Being the first organic state of the country, Sikkim has to evolve methods that can compensate the input costs without hampering the yield.  Garibaldi et al. (2016) have demonstrated how ecological intensification can create synchronous biodiversity and yield outcomes in small and large farms of pollinator-dependent crop systems. Although the state policy has provisions that can be considered pollinator friendly, yet it lacks any mention of pollinators, pollination services and pollination management (SPOF 2015).  As agro-ecosystems are turning into more profitable cultivation of cash crops largely comprising entomophilous ones, the management of pollination services has become a cause for concern in recent times.  It has been observed that flowering resources not in synchrony with crop bloom can play a crucial role in pollination management and need to be identified because year-round availability of foraging resources is important to maintain the pollinator abundance and richness (Kapkoti et al. 2016a).  In view of the above this study was attempted to find such important non-crop forage species which can be managed along the agro-ecosystems to support sustaining pollinator population.


Materials and Methods

During the winter months (i.e., January–March), different surveys were conducted in nearby areas of Fambong Lho Wildlife Sanctuary (27021’50.89”N and 88034’07.54”E; 2,025m), East Sikkim, eastern Himalaya, India.  Among the few blooming forage species, Bergenia ciliata Sternb (Saxifragaceae), locally known as Pakhanbhed was observed to be visited by a diverse group of insects.  Data on insect visitation was recorded to assess the importance of B. ciliata as a potential winter forage resource by following Kapkoti et al. (2016b) with some modifications.  Populations of B. ciliata were identified near the Fambong Lho Wildlife Sanctuary and weekly data on visiting insect diversity and visitation pattern were collected for one month.  Observations were recorded for 30 minutes each during 11.00–11.30 h and during 16.00–16.30 h on both sunny and cloudy days.  A total of 500 flowers were monitored during the main flowering period of B. ciliata and insect visitors were photographed for identification.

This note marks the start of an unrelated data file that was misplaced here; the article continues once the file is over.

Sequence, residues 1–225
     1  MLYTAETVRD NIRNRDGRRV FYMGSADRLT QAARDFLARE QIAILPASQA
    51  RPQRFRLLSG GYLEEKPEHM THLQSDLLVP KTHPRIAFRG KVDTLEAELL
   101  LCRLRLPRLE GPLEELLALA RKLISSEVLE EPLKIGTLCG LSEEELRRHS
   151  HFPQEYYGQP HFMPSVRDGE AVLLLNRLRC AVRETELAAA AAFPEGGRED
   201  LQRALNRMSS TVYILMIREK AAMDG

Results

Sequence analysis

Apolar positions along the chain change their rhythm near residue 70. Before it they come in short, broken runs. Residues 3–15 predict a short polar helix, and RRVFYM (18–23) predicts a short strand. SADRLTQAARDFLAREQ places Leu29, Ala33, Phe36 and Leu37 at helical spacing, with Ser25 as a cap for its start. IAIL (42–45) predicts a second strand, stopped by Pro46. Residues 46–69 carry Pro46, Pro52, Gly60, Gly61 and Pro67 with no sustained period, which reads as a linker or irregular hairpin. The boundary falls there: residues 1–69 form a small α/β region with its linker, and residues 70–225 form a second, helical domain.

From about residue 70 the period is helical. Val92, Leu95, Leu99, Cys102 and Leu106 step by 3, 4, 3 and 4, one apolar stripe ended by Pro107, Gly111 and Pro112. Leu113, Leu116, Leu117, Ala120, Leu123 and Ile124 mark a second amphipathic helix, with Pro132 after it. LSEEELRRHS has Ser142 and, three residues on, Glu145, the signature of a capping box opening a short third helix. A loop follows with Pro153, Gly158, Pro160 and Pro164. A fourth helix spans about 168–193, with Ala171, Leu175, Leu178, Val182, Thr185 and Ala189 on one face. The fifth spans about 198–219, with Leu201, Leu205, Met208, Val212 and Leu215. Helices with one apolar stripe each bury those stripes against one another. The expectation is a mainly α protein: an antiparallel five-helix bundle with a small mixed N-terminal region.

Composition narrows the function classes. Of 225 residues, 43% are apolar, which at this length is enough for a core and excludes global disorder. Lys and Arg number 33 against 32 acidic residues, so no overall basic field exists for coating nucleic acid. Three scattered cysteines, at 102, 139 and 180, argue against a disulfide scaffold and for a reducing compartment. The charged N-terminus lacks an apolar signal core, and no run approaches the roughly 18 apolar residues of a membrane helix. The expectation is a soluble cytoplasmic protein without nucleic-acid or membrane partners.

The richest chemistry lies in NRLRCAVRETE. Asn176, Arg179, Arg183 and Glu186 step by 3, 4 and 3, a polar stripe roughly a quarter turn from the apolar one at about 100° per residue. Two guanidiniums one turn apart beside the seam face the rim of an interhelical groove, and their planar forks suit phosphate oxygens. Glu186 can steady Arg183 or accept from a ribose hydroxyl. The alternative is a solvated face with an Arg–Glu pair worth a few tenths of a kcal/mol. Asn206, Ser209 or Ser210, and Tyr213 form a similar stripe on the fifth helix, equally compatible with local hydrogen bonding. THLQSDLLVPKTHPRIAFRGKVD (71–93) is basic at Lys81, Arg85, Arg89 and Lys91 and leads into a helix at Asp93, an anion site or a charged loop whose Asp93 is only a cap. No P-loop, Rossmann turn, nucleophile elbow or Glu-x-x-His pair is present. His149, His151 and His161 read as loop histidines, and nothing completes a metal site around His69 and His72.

Result and Discussion

The flowers of B. ciliata were visited by a diverse group of insects (Fig. 1, Image 1).  A total of eight insect visitors were observed within the monitoring time (Table 1).  Maximum number of forager species were recorded on sunny days.  Mostly the flies, Musca domestica and Aglais cashmirensis visited the flowers to forage on cloudy days (Fig. 1).  Overall, the maximum  average density and flower visitation time was recorded for insects belonging to the order Diptera (Table 1).  Species belonging to order Diptera are reported to visit more than 550 species of flowering plants regularly and considered potential (Larson et al. 2001) or primary pollinators for many plant species, both wild and cultivated (Ssymank & Kearns 2009).  Bergenia ciliata blooms in winter with an extended flowering time from January–April, this provides a valuable alternative to foraging pollinators, when resources start dwindling and become scare successively in winter.  The flowering in B. ciliata continues to support till spring, when resources like, large cardamom and others start flowering.  Kapkoti et al. (2016b) stated that non-cropping species play a key role in ensuring pollinator abundance and existence of natural habitats that help in the proliferation of diverse floral elements with variation in flowering phenologies.  In this context, it is appropriate to recommend B. ciliata for cultivation across the farms to play its role in ensuring pollinator availability in the habitat.   

Besides, B. ciliata is also a well-recognized herbal medicine and widely used in the local traditional medicinal practices across Bhutan, India Nepal, Pakistan and some other countries (Shrestha & Joshi 1993; Rai et al. 2000).  This deciduous medicinal herb grows up to 50cm tall in rocky and stony habitats with an extensive distribution range from 1,500–3,000 m in Sikkim and other temperate regions of Himalaya (Rai et al. 2000; Sanghamitra et al. 2001).  Terrace cropping system is commonly opted in Sikkim and the habitat characters of B. ciliata can be utilized to manage this species along the fringes of agricultural terraces in integrated cropping mode.  This approach will create an opportunity for the farmers to succeed.  This integrated management plan can be implemented between 1500m and 3000m to cover attitudinally diverse crops and to address the issue of the organic produce and sustainable utilization of B. ciliata.